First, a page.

A Climber's Guide to Hungary's Peaks

Climbing | Pixabay
Climbing | Pixabay
Photo of Alex Mackintosh
22 March 2017

Hungary is surprisingly rich in great places to go climbing, with routes suited to all levels scattered across the country, just waiting to be scaled. Whether you’re just starting out or have been climbing for years, there’s something for everyone. Great views, challenging crags and historic sites. These are the best places to go climbing in Hungary.

When to go

The hot temperatures in summer and sub-zero conditions during winter are best avoided by climbers, as they can make spending too much time outdoors unbearable. That’s not to say climbing during these seasons is impossible as a number of crags are protected from the elements. However, the best time to go climbing in Hungary is in Spring or Autumn, when milder weather allows for enjoyable conditions and good visibility.

Useful information

When rating the difficulty of a climb, more specifically when referring to a short rock route, in Hungary the UIAA system is typically used. Officially, the scale runs from I to VII (the smaller the number, the easier the route) however today routes are often graded up to XI.

Carabiner | Pixabay

The Gerecse Mountains


One of Hungary’s most popular climbing destinations can be found in the Gerecse mountain range, located in the north-west of the country. Kis-Gerecse itself is an abandoned quarry set in beautiful natural surroundings and provides a variety of options for climbers with over 100 routes to be explored. The majority of routes are best tackled by more experienced climbers, however there’s enough here to keep all levels happy with routes graded from III – XI. There are challenging technical climbs, overhangs and boulders to scale, while the area is also ideal for hiking and pitching a tent for the night.


With over 100 routes graded between III – IX and plenty of well placed bolts, this large crag can be enjoyed by climbers of all levels. Another abandoned quarry in an area which has been a source of red limestone since Roman times, today Tardosbánya is seen by some as the country’s best area to go climbing.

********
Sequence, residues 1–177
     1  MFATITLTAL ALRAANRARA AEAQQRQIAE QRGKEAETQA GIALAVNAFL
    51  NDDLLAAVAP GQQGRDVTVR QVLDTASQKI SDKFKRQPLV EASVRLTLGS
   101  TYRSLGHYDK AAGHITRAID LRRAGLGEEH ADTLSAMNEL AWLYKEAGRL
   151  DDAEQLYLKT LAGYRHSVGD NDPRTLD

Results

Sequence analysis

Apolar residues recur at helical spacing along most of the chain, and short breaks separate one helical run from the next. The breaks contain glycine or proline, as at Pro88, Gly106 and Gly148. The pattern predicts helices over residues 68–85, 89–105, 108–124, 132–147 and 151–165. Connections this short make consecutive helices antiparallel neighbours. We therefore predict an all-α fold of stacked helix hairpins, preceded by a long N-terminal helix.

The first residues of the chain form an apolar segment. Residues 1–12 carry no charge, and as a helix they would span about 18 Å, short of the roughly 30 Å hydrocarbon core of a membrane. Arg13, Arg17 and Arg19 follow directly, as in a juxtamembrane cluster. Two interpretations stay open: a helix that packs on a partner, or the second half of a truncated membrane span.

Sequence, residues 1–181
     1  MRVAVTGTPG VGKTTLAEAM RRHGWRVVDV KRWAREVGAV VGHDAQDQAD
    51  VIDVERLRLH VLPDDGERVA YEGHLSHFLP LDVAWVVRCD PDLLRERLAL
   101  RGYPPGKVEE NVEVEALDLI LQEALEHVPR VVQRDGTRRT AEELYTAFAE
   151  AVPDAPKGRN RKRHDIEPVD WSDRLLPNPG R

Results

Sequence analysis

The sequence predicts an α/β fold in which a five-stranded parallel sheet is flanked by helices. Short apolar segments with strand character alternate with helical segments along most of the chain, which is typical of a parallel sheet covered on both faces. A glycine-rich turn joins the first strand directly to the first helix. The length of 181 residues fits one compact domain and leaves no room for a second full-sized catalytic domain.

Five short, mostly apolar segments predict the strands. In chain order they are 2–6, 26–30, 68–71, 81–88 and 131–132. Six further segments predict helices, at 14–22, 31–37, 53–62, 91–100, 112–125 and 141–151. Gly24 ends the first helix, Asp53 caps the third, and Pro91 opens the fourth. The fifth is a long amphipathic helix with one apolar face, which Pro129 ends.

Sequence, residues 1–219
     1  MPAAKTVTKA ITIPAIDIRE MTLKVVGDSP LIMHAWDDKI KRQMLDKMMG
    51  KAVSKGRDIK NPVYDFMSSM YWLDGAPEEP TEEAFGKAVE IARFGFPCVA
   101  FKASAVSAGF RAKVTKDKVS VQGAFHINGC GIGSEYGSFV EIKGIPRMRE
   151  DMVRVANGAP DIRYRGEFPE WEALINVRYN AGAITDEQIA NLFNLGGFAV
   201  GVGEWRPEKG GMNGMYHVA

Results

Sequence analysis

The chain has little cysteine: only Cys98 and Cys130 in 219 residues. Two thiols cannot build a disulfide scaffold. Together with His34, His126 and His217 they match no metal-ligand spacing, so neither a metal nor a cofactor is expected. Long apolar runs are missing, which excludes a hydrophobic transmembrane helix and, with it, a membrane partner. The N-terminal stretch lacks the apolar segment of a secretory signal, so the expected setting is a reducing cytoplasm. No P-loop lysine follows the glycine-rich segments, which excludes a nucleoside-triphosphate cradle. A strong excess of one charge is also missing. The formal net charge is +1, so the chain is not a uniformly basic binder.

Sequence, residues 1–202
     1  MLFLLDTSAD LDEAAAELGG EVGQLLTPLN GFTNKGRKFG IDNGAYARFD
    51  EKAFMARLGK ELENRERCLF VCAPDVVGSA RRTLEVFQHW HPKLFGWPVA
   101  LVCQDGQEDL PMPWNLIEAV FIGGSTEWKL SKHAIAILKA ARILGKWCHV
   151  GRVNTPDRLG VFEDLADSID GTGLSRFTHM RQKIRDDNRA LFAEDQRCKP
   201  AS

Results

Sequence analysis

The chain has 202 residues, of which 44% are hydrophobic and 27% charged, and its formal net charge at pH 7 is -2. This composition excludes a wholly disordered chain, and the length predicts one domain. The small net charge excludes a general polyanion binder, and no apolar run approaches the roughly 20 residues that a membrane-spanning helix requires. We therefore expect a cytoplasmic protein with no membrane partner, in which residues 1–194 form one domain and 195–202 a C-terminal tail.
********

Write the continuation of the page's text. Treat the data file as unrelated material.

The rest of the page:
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Lake Balaton

The area in the north of Lake Balaton is the place to go for outdoor enthusiasts looking for climbing in the area. Volcanic rock and limestone can both be found here, while the area’s proximity to the lake makes for stunning views once you reach the top of any rock face. Kő-völgy, a limestone rock found near the Tihany Peninsula, is home to over 20 routes graded between III – VI+. Most are bolted and can be more challenging than expected. Other great climbing destinations in the area include Csesznek Castle and Balatonederics – both of which offer slightly more challenging climbs.

Csesznek castle | © János Korom Dr. / Flickr cc.

The Pilis Mountains


Oszoly hill is one of Hungary’s most frequented climbing destinations and is great for beginners, with technical climbs, limestone crags and plenty of bolted routes. Thanks to its proximity to Budapest and accessibility for less experienced climbers, with many routes graded at V – VII, the hill is popular with climbing schools and so can get busy (especially on weekends). Around 50 routes over three rock faces can be found here and the view over the surrounding countryside once you reach the top is well worth the climb!

The best of the rest

Elsewhere in the Pilis Mountains, two crags can be found near the town of Dorog. Kétágu-hegy was the site of Hungary’s very first climbing route and is still frequented by climbers today. Three rock faces (one large, with routes ranging from III – X+) and two smaller rock faces with easier climbing are waiting to be conquered. Strázsa-hegy is a smaller crag with both outdoor rock faces (routes range from V – IX) and a cave in which to find more challenging roof climbs and overhangs (IX – X).

Rock climbing | Pixabay

Budai-Hegyseg / The Buda Hills

Perhaps unsurprisingly, given the large number of hills around the city, Budapest itself boasts a number of climbing routes primarily located in the Buda hills and easily reachable by bus from the city centre. Natural crags (mostly boulders) as well as old quarries can be enjoyed by climbers, and there are plenty of easy routes requiring minimal equipment.

The abandoned quarry of Kecske-hegy is popular with climbers from the city however it’s worth noting that the rock isn’t high quality, so lead climbing isn’t an option here. Grades run from V – X-. Another area to try is Francia-bánya, with a 200m wide rock face and routes ranging from III – IX-. The rock face itself offers ample bouldering opportunity, while there are also overhangs and the chance to climb using top rope.

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One of Hungary’s most well known mountain ranges, the Matra mountains boast a number of climbing locations. The centuries oldCsókako castle stands at the top of a hill filled with great limestone climbing routes and its walls can even be scaled for an additional challenge. The 30+ routes are graded from III – IX and the climb can be pretty challenging.

Csókako castle Hungary | Pixabay

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